It’s most noticeable to me when Facebook-ers are expecting children. Women can’t post anything without people mentioning the baby. “I had an avocado for lunch” will get comments about how they should eat more, or the unsaturated fats are so good for their fetus, or they’d better be careful so they don’t gain too much weight, or to enjoy it while they still got to eat with two hands. Men’s impending parenthood is generally ignored. A friend of mine who posted about his baby for two trimesters was kind of ignored; he’d put up a status like “Finished sewing curtains for the baby’s room!” and people would comment about his art, his house, anything but fatherhood. It’s so frustrating to see people who quite clearly are not choosing a stereotypical gender-based division of labor to remain externally defined by it. What could a pregnant woman possibly be thinking about other than gestating, after all, and her husband must certainly be more interested in other things, right?
(Incidentally, the research potential of Facebook comments is pretty much untapped; if I were in grad school I’d be figuring out how to use Facebook data for my dissertation.)
Monday, September 28, 2009
Social marketing can work. And pointing out that most of your peers are engaging in healthy or prosocial behavior can be effective, so, for example, a 16-year-old virgin doesn’t think she’s the only one left. But the University at Albany attempts to do this in a rather confusing way.
Every semester the counseling center hangs up posters around campus: click here to see them. The one on my floor says: “79% of UAlbany students drink alcohol twice a week, less often, or not at all.” This is presumably supposed to make students who don’t drink frequently feel better about themselves. My reading? More than a FIFTH of the student population is drinking three or more times a week. WOW. Really, twice a week on average is quite a bit, assuming that it’s typical student-type drinking rather than a beer with dinner. Wouldn’t the statistic have been a little more encouraging to non-drinkers if it only included those who drank less than once a week? Or was that number too embarrassingly low to publish?
Another? “80% of UAlbany students have not engaged in unprotected sexual activity as a result of alcohol use.” I’m not entirely sure what this is trying to convey. That those in this 80% shouldn’t feel like prudes? Seems a little bit backwards. Maybe it would be more effective to point out that an entire FIFTH of the population apparently has, which (a) you may want to make an effort to avoid, and (b) means that whoever you’re sleeping with may well be in this category and perhaps more likely to be diseased. (Also: 77% have not physically injured themselves and 88% have not gotten into a fight due to alcohol. Reverse those odds, and wow.)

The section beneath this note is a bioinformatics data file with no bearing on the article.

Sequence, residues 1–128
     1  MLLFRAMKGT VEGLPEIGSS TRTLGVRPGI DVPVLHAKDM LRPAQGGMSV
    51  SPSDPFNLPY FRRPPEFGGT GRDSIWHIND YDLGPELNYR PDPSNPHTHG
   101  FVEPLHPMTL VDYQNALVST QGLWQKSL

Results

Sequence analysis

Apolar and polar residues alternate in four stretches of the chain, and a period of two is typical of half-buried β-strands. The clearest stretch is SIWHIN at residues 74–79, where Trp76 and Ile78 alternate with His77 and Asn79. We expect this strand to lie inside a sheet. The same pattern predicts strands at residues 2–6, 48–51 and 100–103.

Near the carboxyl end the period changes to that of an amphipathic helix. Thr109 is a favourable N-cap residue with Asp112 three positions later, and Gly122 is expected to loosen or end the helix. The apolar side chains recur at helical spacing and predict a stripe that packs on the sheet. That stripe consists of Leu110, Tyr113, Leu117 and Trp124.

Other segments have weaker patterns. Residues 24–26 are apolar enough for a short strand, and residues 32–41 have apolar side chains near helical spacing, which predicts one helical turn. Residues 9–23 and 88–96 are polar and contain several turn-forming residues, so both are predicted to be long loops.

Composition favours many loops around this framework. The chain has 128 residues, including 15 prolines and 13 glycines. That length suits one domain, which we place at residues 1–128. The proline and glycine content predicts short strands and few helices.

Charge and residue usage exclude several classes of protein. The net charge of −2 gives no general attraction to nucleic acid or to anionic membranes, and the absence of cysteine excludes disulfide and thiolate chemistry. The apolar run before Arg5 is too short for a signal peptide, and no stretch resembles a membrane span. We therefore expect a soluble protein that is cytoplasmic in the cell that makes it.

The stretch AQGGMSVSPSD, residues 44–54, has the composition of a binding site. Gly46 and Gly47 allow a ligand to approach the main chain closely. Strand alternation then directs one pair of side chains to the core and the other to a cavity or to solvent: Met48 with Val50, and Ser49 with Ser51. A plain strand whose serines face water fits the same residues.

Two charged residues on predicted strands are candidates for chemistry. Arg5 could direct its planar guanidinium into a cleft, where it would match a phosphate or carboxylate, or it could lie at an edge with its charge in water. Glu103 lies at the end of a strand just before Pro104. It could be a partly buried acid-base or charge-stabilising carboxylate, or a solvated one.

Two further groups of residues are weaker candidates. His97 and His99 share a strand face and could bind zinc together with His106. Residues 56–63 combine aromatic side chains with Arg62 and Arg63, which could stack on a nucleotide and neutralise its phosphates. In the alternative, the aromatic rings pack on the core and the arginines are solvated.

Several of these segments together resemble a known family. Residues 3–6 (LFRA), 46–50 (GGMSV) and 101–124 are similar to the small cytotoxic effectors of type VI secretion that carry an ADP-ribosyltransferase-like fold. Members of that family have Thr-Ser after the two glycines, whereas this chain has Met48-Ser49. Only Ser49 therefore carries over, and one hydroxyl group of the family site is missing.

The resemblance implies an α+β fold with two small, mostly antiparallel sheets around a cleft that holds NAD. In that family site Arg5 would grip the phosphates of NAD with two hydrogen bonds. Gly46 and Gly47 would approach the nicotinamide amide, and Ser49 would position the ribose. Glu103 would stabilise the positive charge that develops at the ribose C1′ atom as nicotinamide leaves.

There are more. “58% of UAlbany students consume four or less alcoholic drinks at bars.” Disregarding the grammar, it’s hard to even know what this means (other than that 42% consume 4+). Is this only among students who are old enough to drink at bars, or can just about anyone get served around here? Or are all the people lacking fake IDs included in that 58%? “89% of UAlbany students believe that alcohol shouldn’t interfere with academics.” The rest think it SHOULD?
I’m not sure whether the survey results were so disturbing that there was no good way to present the data positively, or if the campaign’s designers just weren’t thinking. I find it pretty hard to believe that these posters are going to do what they hope.
Monday, August 24, 2009
I hate the insistence that every bad experience has a “purpose” of some kind. SOMETIMES THINGS JUST HAPPEN. I understand the benefits of looking on the bright side; saying “well, it sucks that I lost my job, but if I hadn’t then I wouldn’t have had time to replace the plumbing.” But accept it for what it is, optimism or rationalization, not something that was “meant to be.” Believing that some force out there not only chose this to happen to you, but chose it in order to IMPROVE you, is arrogant and self-centered and negates the experiences of the people out there who have bad thing happen to them with no reprieve. Like the ones who just die of cancer, in pain, with grieving families. What, had they done something wrong, so they didn’t just get cancer in order to find a new boyfriend? “People don’t die of disease; they die when their life is complete?” Gawd.
So I thought I’d written up and posted about our trip to Twin Trees back in July, but it turns out I was only half done. And now I don’t remember what else happened. But here’s what I have:
Day 1: I pack furiously, but confronted with a refrigerator full of a CSA share, I am too overwhelmed to consider planning meals. I leave behind the cheese I’d bought for the trip but Dan remembers to bring socks and underwear this time.